Fake animal rescue videos; tips for spotting the online cruelty

Animal rescue videos on social media are extremely popular, but they are also often incredibly misleading and cruel. In reality animals are being abused, and killed, so the creators can make some money. 

Here we explain what these fake rescue videos are all about, and tips for spotting them.


What are staged animal rescue videos?

Fake rescues involve animals being trapped, attacked, or in distress who are “rescued” by a person (with a camera nearby).

These animals have been put in these horrible situations by the “rescuer” to make him or her seem like a hero.

Animals are taken from the streets and put in positions where they must fight to protect their babies or other animals.

These videos are designed to be heart-warming, but the truth is they are heartbreaking.

They often originate from developing countries and are usually accompanied by extremely cheesy music and subtitles with poor grammar.

Well-meaning people engage with these videos, which allows the creators to monetize their channels, often equating to big money.

Social media platforms see how popular these videos are and continue to off

er money to the creators. Unfortunately this just increases the demand, meaning more animals will suffer.

How to spot a fake video

Fake animal rescue videos often in

clude the same animals being used over and over again, most likely until they die.

It’s often the same theme; a kitten being attacked by a python, a puppy stuck in a flooded drain, or a deer stuck in a pit.

The scene or location is usually the same in every video; once you spot a fake it’s easy to start noticing the trends in each creators’ posts.

The animal often dies during the “rescue”, and they then use earlier filmed footage to make it look like the animal lived.

If the video involves someone randomly happening upon an animal in need of rescue, it is likely staged.

These channels often have millions of views per video and on YouTube they have hundreds of thousands of subscribers.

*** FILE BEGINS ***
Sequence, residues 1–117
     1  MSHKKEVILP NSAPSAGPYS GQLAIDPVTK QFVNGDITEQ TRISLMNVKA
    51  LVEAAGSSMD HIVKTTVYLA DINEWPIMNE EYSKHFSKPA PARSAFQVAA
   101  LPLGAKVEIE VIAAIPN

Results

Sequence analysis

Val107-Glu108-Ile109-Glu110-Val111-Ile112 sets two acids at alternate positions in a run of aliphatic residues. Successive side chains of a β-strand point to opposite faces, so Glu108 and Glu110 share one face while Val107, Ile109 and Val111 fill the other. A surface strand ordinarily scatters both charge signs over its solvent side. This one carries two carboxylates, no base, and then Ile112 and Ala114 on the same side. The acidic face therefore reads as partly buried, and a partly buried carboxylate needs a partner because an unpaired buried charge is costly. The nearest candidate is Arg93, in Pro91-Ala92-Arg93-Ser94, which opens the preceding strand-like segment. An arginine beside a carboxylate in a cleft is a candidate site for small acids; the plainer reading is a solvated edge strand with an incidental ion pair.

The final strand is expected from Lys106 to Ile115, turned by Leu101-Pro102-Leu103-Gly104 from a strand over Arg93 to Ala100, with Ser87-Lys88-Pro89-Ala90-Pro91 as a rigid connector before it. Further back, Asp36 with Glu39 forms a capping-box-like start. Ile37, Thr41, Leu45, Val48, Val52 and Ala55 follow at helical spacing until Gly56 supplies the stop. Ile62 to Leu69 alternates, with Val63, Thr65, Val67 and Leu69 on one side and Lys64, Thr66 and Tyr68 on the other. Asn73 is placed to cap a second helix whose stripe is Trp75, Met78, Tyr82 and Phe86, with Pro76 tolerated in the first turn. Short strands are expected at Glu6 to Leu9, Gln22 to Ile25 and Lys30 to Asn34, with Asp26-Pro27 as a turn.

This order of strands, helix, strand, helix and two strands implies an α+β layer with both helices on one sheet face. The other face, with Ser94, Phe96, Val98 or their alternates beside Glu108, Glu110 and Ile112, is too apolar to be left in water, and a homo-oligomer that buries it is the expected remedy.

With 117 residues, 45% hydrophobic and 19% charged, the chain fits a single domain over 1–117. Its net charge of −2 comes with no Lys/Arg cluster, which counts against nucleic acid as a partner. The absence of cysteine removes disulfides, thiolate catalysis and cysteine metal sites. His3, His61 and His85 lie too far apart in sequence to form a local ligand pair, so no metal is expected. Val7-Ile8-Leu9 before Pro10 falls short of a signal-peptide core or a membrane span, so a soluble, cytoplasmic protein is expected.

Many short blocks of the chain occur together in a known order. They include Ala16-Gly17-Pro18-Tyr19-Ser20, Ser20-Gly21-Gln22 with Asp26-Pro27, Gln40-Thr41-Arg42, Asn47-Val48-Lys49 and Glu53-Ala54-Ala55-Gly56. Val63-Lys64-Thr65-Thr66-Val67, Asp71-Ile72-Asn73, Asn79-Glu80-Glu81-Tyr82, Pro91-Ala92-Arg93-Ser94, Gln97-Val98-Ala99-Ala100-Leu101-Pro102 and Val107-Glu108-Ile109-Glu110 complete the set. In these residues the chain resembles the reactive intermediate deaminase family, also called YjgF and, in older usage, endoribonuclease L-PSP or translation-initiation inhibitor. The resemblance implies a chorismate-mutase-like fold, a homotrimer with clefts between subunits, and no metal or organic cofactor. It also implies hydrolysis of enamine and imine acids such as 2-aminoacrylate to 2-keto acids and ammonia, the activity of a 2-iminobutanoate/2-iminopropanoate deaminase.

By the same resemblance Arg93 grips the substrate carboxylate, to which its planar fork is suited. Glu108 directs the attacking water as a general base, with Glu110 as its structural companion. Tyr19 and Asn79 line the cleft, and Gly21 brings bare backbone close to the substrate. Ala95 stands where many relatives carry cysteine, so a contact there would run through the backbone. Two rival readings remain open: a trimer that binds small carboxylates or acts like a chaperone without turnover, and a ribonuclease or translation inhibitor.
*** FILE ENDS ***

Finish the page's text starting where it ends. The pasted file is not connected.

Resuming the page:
Distressing image of a staged rescue from a video being shared on social media


Ask yourself these questions before engaging:

  • Does the video involve a reputable organisation, such as a legitimate animal welfare agency or emergency service?
  • Does it seem unusual that someone is filming this? Would the rescue be made easier or quicker if the person filming put down the phone and helped with the rescue?
  • When looking at multiple videos, does it look like the same animal and location is being used?
  • Is there any other description/context given?  Legitimate organisations will always provide a description of the video and how they are involved in the rescue.


What to do if you spot a fake

Animals are being killed, injured and tortured every day because of how lucrative this is.

Once you spot a fake, it’s important not to share it, or even open it as that encourages the platforms to keep sending you the same ‘suggested’ content.

Bottom line is, use your common sense; if it seems staged, it probably is.

These creators take your empathy, compassion and hope, and turn it into torture, death and cash.

If you have the slightest inkling something is not right, do not engage with the video. Don’t like, don’t comment, don’t share.

Report the video as animal abuse, and if enough people do it, social media companies might take notice, and this cruelty can finally be removed from our feeds.

Animal welfare organisation Four Paws has been campaigning for an end to these staged videos, they’ve shared some further information and more great tips for spotting them.